Article originally posted on World Bank Water Blog As the global population hurtles towards 9.7 billion people by 2050, it has never been more important to produce more with less. As the water supply and sanitation (WSS) sector continues to face increasing pressures, especially due to the impacts of climate change, governments in the developing […]
The Post-COVID 19 Outlook for Water Startups
The Coronavirus fallout economy is going to be hard, but water is core to our ability to respond to the virus, and to underpinning the long-term resilience of society. Well-positioned companies in water hold real advantages in the short, medium and long term.
From February 19th to March 18th, the S&P 500 fell 32.4%. In the smoking crater of the longest bull market in history, it would be tempting to say water startups are difficult enough to begin with, and that in 2020’s reset economy entrepreneurs should pack up and go (stay?) home. It would be tempting, but wrong.
It’s obviously going to be a challenging time for all early stage companies regardless of sector: investors just had almost a third of their invested wealth vaporize; customers have significantly reduced purchasing power causing severe downward pressure on revenue streams; companies are under huge pressure to cut costs; sheltering in place means all spending decisions are being deferred; we really have no idea what the recovery will look like. The list is long and depressing. However, well-positioned companies in water hold real advantages in the short, medium and long term.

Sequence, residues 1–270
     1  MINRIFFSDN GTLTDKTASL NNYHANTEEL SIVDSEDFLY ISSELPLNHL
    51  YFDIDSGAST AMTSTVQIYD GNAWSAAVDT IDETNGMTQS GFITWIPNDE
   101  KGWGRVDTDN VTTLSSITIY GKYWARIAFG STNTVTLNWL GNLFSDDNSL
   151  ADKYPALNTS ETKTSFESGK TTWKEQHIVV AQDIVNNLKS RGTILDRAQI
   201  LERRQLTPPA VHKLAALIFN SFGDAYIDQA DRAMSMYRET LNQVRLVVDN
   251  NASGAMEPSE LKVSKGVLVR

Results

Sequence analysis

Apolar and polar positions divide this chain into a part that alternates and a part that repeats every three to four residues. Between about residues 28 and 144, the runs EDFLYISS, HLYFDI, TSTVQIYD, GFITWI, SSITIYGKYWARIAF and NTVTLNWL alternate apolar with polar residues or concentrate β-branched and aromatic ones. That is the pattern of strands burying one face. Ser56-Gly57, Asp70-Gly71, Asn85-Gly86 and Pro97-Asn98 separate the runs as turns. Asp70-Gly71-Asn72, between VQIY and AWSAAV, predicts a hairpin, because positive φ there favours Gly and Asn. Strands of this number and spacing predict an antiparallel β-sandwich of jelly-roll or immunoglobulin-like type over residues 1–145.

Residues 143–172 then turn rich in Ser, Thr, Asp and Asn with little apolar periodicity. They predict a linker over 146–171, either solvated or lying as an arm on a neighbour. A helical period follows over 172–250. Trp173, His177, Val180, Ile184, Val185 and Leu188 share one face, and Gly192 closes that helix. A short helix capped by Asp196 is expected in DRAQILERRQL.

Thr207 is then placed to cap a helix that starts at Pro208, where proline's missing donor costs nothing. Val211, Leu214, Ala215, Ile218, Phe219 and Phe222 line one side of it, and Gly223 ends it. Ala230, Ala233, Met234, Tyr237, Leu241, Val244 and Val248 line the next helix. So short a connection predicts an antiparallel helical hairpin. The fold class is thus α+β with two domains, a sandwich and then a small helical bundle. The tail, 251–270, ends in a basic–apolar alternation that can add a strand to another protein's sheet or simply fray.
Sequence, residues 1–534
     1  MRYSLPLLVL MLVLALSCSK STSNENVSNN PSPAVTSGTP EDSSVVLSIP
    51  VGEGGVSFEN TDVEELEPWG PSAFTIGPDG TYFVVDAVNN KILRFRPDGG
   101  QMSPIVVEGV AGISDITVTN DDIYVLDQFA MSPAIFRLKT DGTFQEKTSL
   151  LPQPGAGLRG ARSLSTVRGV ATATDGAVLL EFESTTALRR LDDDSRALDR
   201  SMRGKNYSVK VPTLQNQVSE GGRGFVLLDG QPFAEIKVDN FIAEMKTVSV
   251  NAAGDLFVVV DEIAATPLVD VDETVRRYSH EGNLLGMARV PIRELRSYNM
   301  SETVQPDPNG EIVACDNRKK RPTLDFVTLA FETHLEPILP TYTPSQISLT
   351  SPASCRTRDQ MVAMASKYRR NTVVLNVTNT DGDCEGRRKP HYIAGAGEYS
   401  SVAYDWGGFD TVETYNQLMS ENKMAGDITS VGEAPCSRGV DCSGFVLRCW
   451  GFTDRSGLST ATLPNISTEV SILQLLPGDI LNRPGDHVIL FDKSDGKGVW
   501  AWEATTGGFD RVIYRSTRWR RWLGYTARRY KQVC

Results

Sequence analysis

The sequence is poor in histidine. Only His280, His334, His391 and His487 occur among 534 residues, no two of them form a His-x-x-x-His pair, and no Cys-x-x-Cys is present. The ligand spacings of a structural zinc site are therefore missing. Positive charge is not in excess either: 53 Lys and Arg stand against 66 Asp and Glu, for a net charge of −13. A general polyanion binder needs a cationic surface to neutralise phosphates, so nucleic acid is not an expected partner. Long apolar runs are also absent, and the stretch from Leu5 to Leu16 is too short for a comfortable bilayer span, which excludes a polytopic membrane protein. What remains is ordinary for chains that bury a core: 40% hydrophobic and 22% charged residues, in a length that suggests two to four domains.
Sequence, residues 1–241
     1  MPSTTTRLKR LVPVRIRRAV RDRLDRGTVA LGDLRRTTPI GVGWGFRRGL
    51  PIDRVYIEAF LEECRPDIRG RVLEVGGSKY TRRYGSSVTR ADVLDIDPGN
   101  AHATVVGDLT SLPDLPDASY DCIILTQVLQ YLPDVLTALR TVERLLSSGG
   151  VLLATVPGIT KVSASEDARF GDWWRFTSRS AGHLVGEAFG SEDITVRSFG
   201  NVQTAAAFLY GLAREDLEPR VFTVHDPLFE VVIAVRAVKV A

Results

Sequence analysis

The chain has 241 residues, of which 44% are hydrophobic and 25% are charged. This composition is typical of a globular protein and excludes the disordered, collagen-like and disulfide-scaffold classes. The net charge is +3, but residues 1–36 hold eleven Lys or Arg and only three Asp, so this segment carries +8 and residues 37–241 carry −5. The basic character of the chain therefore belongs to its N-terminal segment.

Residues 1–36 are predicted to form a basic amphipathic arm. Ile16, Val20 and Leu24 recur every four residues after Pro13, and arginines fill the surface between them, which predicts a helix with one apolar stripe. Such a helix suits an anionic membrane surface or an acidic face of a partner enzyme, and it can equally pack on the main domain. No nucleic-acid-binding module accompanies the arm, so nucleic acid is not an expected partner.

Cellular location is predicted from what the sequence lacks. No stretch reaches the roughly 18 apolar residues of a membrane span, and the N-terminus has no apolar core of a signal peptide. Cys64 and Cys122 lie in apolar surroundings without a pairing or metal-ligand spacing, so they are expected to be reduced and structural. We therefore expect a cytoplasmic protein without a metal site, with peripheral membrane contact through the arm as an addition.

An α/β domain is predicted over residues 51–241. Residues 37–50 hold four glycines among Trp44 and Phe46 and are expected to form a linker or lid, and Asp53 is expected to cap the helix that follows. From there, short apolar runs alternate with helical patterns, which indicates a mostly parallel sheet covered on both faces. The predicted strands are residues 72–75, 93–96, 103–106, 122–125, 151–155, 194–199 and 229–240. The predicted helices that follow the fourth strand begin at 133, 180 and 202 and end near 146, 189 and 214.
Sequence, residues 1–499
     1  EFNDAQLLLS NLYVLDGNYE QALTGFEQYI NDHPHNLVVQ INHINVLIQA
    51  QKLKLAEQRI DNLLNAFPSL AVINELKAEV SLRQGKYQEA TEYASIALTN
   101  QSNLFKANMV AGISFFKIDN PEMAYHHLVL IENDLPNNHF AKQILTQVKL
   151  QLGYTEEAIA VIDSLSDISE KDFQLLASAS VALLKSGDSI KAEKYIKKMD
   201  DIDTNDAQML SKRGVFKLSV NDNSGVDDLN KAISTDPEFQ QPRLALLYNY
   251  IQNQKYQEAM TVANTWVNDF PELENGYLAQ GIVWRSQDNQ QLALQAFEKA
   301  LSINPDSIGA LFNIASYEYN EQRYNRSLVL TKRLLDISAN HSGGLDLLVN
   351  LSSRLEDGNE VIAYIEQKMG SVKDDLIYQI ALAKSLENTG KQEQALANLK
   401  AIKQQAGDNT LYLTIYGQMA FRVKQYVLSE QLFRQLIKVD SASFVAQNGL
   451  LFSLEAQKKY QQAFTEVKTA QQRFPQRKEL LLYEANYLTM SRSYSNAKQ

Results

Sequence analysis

In the short-term…
Utilities are in a state of emergency — the pressure to do more with less just materially intensified. Any business that can save utilities real money with no/minimal capex will feel like a godsend. These are entities with large but constrained annual budgets, and the price for inaccuracy is steep.
Say a utility manager is investing $75m in stormwater infrastructure, and has incomplete data about where best to target those upgrades. Mistargeting just 10% of that means wasting $7.5m of their scarce budget, and flooding isn’t going to put itself on pause just because the stock market hit a rough patch. Wait until owners and operators realize how much water, energy, chemicals and money they’re wasting in their traditional Reverse Osmosis plants. These customers should be pulling the arm off of companies that can help them save real money. Examples of similar dynamics are endless.
The world also just got appreciably more conscious of hygiene. A spring of washing our hands every ten minutes has made us even more grateful for our water supply, and companies focusing on the detection, treatment and delivery of verifiably clean water are playing a vital role. This is the time for those companies to (tactfully, yes) highlight their role in keeping the public safe.
Moving to the medium term…
Recovery will be underpinned by gigantic stimulus packages from governments globally to get economies moving again and put people back to work. Water is in a strong position to benefit. It will get a smaller slice than visible infrastructure because it always does (the initial floated figure in Rd 4 of the US stimulus is $25.4bn), but you can expect to see significant increases in state and national support. Voices calling for this are already remarkably diverse. As this comes through, there will be a real increase in the deployment opportunities for novel solutions.